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The Prodigal Son


Ten years ago Kevin Pietersen was dropped from the provincial side Natal in his native South Africa due to their 'racial quota system' despite his obvious promising talent. The decision left Pietersen disillusioned and inspired him to elope to England and join county side Nottinghamshire the following season.

"I was dropped because the quota system was brought into South African cricket to positively discriminate in favour of 'players of colour' and to fast-track the racial integration of cricket in the country," he said. "To me, every single person in this world needs to be treated exactly the same and that should have included me, as a promising 20-year-old cricketer. If you do well you should play on merit. That goes for any person of any colour. It was heartbreaking."

His decision was soon vindicated when, after impressing in county cricket for four years, he qualified for England and immediately joined their One Day squad for the tour of Zimbabwe. Pietersen was an immediate success, averaging 104 in his debut series and then 151, including three centuries, on the following tour, ironically of South Africa.

KP's sparkling limited overs displays earned him a test debut against Australia in the following series, thereby ending the career of England stalwart Graham Thorpe. It was this series in which Pietersen's national conversion seemed complete. With a three lions tattoo branded on his bicep he hit the most significant innings of the match, scoring 158 against one of the greatest bowling attacks ever assembled, to ensure that England regained the Ashes.

Over the next three years Pietersen honed his talent, flair and charisma and with an average of over fifty runs per inning he was without doubt one of the world's best players. KP became synonymous with aggressive, 'no-fear' cricket and this was perhaps why he was chosen to captain his adopted country in August 2008, following the resignation of Michael Vaughan. It was hoped that this attitude would filter through to the rest of the England squad, bringing out the best in their collective talents. Ironically though, it was these same qualities that brought about his downfall. By serving an ultimatum to the ECB, namely that if Head Coach Peter Moores was not sacked he would himself resign, Pietersen made his position untenable.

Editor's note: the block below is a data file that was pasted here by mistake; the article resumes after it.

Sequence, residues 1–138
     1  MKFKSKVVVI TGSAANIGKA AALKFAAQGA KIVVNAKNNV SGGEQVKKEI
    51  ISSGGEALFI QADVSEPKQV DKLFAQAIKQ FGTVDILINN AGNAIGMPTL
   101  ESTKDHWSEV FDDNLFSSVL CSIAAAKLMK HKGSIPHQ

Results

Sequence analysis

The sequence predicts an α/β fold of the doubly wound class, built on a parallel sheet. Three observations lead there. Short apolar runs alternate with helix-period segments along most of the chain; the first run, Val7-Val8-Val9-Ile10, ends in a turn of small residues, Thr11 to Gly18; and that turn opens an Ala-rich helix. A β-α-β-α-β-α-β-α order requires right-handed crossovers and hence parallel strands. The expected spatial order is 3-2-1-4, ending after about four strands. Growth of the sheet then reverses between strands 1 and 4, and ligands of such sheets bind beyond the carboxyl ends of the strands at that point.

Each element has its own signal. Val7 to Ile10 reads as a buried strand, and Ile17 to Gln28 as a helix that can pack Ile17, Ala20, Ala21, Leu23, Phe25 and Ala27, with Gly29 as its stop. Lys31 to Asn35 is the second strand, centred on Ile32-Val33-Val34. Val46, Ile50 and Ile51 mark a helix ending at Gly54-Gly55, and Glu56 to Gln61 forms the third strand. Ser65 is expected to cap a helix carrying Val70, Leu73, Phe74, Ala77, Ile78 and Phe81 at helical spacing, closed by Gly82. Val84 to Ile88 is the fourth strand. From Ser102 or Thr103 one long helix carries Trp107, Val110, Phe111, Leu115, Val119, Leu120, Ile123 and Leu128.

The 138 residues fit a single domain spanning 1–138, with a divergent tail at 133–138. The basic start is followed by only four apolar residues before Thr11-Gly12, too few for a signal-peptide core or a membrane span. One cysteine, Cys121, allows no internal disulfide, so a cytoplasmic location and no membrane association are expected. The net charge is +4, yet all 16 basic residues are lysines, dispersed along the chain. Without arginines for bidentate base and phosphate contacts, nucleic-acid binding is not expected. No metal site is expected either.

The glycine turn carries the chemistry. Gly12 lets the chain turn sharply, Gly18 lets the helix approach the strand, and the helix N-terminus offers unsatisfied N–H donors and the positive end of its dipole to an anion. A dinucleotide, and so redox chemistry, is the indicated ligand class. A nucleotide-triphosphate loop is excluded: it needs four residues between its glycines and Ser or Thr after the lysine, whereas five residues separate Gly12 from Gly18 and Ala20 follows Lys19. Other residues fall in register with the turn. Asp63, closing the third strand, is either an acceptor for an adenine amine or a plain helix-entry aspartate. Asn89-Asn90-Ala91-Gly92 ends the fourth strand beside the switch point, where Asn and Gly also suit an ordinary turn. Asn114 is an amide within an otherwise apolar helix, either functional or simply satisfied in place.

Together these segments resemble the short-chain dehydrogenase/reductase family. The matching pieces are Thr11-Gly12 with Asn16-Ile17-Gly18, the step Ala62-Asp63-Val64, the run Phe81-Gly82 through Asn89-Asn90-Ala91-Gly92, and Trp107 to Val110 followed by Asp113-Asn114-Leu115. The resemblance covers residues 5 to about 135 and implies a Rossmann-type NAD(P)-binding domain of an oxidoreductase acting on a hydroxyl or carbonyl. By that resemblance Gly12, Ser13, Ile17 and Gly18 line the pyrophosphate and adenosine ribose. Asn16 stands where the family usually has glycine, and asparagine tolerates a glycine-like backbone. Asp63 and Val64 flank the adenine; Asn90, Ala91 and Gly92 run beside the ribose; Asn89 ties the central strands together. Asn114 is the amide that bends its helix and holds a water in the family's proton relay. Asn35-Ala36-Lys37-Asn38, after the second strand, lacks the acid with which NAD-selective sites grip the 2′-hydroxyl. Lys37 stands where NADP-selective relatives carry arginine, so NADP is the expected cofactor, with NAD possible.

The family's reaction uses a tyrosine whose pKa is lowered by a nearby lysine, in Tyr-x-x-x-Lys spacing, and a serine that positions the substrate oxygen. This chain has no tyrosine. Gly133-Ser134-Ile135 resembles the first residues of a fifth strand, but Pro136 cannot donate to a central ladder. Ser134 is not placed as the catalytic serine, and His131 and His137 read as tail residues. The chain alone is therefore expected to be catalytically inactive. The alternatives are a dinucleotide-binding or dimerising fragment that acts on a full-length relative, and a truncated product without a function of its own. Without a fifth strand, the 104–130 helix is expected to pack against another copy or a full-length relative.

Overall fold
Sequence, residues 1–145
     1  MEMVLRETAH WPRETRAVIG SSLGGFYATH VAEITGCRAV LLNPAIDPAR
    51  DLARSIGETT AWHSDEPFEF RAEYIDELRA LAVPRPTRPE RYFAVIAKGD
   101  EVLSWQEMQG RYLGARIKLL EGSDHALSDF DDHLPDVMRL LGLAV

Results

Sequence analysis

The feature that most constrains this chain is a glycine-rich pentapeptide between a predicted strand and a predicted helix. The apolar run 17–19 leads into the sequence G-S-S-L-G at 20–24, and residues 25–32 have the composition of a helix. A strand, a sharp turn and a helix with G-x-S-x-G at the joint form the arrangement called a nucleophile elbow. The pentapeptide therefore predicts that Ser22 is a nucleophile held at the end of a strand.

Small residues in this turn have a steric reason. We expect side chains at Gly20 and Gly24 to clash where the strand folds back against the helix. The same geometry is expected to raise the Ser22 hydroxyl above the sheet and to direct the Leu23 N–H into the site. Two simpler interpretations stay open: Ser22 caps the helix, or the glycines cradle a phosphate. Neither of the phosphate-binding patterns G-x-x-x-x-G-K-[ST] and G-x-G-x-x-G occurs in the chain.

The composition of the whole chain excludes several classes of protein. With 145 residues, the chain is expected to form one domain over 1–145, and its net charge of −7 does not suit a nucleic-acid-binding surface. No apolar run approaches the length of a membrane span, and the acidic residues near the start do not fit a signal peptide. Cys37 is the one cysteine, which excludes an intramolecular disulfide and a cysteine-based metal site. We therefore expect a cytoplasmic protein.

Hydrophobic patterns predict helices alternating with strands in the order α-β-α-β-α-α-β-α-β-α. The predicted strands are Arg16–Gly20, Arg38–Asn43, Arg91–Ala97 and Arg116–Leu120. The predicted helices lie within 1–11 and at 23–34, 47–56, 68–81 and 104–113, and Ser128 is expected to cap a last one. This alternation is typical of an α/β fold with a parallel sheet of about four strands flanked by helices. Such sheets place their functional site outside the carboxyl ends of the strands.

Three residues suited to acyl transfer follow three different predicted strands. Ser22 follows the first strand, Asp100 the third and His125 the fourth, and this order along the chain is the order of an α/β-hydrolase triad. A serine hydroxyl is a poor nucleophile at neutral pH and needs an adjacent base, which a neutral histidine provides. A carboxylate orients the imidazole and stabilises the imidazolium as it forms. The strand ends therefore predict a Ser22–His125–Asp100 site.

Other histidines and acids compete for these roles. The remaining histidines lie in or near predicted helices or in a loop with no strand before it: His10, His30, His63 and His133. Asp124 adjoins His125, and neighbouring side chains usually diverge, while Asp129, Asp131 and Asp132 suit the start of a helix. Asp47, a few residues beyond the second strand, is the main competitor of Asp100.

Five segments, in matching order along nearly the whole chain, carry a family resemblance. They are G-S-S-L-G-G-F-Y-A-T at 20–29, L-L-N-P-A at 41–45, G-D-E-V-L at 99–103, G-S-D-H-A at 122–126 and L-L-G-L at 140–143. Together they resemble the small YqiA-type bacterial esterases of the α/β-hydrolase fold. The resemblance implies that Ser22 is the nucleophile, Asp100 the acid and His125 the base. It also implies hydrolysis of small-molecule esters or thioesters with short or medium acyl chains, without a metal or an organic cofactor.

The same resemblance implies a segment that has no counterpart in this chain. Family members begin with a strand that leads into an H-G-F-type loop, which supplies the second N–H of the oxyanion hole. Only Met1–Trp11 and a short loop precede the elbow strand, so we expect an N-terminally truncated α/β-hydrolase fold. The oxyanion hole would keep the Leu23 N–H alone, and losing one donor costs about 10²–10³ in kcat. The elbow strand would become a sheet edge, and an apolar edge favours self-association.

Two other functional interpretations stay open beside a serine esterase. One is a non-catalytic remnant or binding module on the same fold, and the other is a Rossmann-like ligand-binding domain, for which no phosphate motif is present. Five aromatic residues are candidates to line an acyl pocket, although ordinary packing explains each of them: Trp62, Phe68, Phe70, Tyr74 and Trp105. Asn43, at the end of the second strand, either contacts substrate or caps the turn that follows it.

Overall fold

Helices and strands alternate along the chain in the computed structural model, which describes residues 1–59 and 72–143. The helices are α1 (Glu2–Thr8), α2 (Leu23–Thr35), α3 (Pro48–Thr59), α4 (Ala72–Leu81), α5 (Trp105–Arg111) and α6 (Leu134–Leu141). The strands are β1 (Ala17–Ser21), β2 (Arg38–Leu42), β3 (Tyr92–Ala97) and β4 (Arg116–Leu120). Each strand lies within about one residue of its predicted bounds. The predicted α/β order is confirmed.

But Pietersen did not just lose the captaincy in the incident, he seemed to lose the support of the media who it seemed were supporting him by default because of his value to the team. The media had long been itching to get on his back, but criticism could only be fueled by 'failing' to convert scores in the 90s into century scores by playing over-attacking strokes. In this incident there was, at last, a tangible manifestation of Pietersen's fatal flaw, his arrogance.

Pietersen is too complex to be simply labeled as arrogant, he is a cricketer that needs to be loved. When he lost the support of the media and may be the nation, the thin layer of arrogance protecting the batsman was stripped away, revealing a fallible insecure individual underneath.

In the twenty tests since losing the captaincy, Pietersen has averaged 42.89 scoring only one century, an inferior record compared his previous 45 tests in which he scored fifteen centuries at 50.48. His ODI performances tell a similar story. In the same period his overall average has dropped from 48.36 to 42.16 and he has failed to add to his seven centuries. In short, Pietersen has transformed from a world-class batsman to a distinctly mediocre one.

Pietersen may have been vindicated in his assertion, that Peter Moores was holding the England cricket team back, by the substantial successes of coach Andy Flower and captain Andy Strauss; but for this he has received no credit, His sacrifice, unintentional though it was, has gone largely unnoticed. Instead Pietersen was vilified to an extent from which his ego has never recovered.

His career is far from over, and by the end he may well have won back English hearts, especially should he perform well in this winter's ashes. But for the moment he is falling and falling fast. And there may be a part of him that wishes he had remained in South Africa.

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